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Selected Publication:

SHR Neuro Cancer Cardio Lipid Metab Microb

Goliasch, G; Silbernagel, G; Kleber, ME; Grammer, TB; Pilz, S; Tomaschitz, A; Bartko, PE; Maurer, G; Koenig, W; Niessner, A; März, W.
Refining Long-Term Prediction of Cardiovascular Risk in Diabetes - The VILDIA Score.
Sci Rep. 2017; 7(1):4700-4700 Doi: 10.1038/s41598-017-04935-8 [OPEN ACCESS]
Web of Science PubMed PUBMED Central FullText FullText_MUG


Leading authors Med Uni Graz
Silbernagel Günther
Co-authors Med Uni Graz
März Winfried
Pilz Stefan
Tomaschitz Andreas

Dimensions Citations:

Plum Analytics:

Scite (citation analytics):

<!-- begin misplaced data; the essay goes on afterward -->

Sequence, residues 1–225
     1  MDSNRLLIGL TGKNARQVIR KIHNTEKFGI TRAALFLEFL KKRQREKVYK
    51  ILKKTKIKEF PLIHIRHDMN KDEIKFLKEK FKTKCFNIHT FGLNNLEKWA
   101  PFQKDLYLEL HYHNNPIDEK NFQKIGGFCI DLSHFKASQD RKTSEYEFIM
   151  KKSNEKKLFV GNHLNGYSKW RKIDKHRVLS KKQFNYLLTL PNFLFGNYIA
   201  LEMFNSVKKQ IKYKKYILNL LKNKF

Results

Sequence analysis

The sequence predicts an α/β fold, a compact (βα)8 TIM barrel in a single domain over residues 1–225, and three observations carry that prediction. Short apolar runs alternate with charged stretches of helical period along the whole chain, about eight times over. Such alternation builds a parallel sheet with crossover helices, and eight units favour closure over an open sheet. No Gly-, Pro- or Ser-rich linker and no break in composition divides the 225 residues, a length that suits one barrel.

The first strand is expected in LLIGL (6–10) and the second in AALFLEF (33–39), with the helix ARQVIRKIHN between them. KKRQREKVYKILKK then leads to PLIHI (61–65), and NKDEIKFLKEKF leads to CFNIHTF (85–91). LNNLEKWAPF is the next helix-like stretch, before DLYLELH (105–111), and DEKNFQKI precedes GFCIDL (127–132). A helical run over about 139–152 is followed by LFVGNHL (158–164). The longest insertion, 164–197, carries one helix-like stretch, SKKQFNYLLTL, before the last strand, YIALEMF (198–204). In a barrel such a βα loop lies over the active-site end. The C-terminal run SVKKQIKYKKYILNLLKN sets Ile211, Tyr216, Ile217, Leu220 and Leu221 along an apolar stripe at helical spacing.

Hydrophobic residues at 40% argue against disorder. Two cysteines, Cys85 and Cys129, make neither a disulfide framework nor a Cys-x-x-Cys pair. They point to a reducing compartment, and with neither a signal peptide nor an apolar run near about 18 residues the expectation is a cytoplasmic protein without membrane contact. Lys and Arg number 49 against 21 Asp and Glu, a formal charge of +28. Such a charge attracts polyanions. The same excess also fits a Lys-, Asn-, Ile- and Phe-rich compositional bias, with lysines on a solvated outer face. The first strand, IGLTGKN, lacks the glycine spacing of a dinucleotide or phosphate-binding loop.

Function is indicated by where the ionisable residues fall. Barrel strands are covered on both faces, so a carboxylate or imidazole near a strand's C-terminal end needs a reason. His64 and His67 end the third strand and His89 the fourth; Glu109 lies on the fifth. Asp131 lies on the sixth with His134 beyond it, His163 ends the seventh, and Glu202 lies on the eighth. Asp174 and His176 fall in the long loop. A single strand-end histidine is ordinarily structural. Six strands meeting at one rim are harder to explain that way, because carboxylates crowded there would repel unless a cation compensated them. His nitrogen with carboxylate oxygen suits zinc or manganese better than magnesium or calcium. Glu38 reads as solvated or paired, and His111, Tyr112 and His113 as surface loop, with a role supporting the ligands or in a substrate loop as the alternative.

Cardiovascular risk assessment in patients with diabetes relies on traditional risk factors. However, numerous novel biomarkers have been found to be independent predictors of cardiovascular disease, which might significantly improve risk prediction in diabetic patients. We aimed to improve prediction of cardiovascular risk in diabetic patients by investigating 135 evolving biomarkers. Based on selected biomarkers a clinically applicable prediction algorithm for long-term cardiovascular mortality was designed. We prospectively enrolled 864 diabetic patients of the LUdwigshafen RIsk and Cardiovascular health (LURIC) study with a median follow-up of 9.6 years. Independent risk factors were selected using bootstrapping based on a Cox regression analysis. The following seven variables were selected for the final multivariate model: NT-proBNP, age, male sex, renin, diabetes duration, Lp-PLA2 and 25-OH vitamin D3. The risk score based on the aforementioned variables demonstrated an excellent discriminatory power for 10-year cardiovascular survival with a C-statistic of 0.76 (P < 0.001), which was significantly better than the established UKPDS risk engine (C-statistic = 0.64, P < 0.001). Net reclassification confirmed a significant improvement of individual risk prediction by 22% (95% confidence interval: 14-30%) compared to the UKPDS risk engine (P < 0.001). The VILDIA score based on traditional cardiovascular risk factors and reinforced with novel biomarkers outperforms previous risk algorithms.

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